June 16, 2021

Restoration of the Sammis/Waterman Memorial


After falling into disrepair, a group of volunteers teamed up to refurbish a memorial to two Rehoboth veterans. In 2011, Rehoboth Pop Warner Football and Little League designated their complex: “Sammis Field and Waterman Diamond".

The memorial, located at the baseball diamond next to Town Hall, commemorates the life and military service of Marine Capt Benjamin W. Sammis and, Lt Craig Waterman. 

Sammis, a pilot, was killed when his helicopter crashed in combat in 2003. Sammis was the second solider from Massachusetts to die in Iraq during the Global War on Terrorism. Waterman was a medivac helicopter pilot killed in Vietnam. He was also a United States Marine.

Armand Perreault, a Vietnam Veteran who also served in the Marines, was shocked when he saw tattered flags hanging from the poles. The harsh winter weather had also taken a toll on the memorial.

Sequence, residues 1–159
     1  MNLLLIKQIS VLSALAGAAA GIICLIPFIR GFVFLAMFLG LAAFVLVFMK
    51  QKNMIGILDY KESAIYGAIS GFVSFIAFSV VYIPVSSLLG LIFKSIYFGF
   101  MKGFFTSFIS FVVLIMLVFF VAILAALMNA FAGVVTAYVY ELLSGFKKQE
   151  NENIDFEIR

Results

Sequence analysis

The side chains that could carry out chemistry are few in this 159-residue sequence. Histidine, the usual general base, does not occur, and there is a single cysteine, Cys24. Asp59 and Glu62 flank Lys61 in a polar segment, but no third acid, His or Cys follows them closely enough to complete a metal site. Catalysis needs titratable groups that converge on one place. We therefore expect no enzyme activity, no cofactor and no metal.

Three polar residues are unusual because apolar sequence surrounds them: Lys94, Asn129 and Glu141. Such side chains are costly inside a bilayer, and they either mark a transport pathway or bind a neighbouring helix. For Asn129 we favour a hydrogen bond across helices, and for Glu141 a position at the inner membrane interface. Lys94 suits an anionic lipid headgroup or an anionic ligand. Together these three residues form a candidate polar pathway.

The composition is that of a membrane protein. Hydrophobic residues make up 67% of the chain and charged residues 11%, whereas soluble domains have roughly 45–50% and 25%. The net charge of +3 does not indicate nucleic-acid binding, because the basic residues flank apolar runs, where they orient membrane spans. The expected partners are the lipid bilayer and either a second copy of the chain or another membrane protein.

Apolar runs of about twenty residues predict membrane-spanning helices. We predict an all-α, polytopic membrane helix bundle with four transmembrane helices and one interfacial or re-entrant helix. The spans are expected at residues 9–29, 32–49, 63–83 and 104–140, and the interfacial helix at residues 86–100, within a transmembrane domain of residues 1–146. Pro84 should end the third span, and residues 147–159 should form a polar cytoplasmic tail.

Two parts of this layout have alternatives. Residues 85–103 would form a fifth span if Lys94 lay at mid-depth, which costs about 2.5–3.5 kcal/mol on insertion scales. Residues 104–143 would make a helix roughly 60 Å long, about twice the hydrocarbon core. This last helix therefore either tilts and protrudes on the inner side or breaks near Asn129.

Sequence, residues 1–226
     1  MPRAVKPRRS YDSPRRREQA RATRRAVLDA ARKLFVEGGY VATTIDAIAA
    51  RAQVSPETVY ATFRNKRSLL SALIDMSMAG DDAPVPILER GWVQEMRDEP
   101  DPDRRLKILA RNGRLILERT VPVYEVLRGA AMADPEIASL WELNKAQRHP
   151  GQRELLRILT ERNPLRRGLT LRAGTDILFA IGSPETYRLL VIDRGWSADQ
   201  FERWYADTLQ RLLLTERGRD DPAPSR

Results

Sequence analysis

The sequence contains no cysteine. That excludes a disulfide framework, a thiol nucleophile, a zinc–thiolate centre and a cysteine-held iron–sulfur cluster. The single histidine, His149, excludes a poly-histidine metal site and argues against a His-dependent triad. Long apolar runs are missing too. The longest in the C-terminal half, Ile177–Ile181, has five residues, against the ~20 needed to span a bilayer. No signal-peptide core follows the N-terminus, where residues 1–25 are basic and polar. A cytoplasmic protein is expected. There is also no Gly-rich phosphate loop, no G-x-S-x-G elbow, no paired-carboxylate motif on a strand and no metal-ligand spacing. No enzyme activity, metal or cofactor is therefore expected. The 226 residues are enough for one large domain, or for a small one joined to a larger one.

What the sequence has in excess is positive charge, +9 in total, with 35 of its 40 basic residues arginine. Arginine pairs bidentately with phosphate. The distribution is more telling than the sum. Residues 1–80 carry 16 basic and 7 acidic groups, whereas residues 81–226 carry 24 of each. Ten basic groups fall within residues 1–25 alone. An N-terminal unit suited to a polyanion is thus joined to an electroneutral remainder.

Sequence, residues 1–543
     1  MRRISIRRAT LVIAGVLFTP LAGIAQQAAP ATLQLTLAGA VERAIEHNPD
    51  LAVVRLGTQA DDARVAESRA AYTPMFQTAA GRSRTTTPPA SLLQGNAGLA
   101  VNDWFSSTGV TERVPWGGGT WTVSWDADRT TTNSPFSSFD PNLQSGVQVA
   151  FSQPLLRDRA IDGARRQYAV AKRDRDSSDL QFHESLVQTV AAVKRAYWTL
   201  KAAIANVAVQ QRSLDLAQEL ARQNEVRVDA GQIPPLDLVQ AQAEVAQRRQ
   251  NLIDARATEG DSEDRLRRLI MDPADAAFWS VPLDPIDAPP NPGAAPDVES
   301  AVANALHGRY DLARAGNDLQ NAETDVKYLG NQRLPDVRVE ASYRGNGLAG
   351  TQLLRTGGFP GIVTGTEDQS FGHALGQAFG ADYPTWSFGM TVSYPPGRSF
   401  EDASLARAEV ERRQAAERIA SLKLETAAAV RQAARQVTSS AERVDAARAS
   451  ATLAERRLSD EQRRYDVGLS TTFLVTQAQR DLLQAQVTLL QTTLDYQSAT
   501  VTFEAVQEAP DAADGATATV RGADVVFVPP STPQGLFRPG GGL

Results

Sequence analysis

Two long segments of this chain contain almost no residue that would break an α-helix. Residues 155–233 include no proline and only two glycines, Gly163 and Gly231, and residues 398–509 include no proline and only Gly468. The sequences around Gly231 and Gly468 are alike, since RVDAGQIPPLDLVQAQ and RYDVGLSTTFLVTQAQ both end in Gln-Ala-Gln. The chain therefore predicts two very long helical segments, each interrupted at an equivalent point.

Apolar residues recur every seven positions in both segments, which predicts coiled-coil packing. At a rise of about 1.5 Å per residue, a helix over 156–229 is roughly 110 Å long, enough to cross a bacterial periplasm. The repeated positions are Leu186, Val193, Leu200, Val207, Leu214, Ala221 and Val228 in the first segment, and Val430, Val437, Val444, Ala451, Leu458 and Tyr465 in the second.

“It was neglected,” Perreault said. After reaching out to town officials, including Jake Kramer, the Veterans Service officer, Perreault worked with various individuals to obtain the materials to restore the memorial to its former glory.

Perreault acknowledged the work of Kevin Cryan, a Rehoboth resident who owns a landscaping business. “He was jogging around (the memorial) and brought it to my attention,” Perreault noted. 

New poles were ordered for the memorial, which has a nautical theme. There are flags representing every branch of the armed forces. A 40 foot mast is in the center. “I respect all veterans and this brought it closer to home,” said Perreault, who recalled the less than warm welcome he received when he returned to the States when the war was over.

Perreault has done restorations on other memorials and feels the men and women who have served in the military deserve a level of respect for their sacrifices. Looking at the Sammis/Waterman memorial gives him a sense of pride. “One thing that I always wanted to make sure of is that any of the veterans who return (from combat) not go unrecognized without help in any shape or form,” Perreault said. “I am honored to have participated in that project.”


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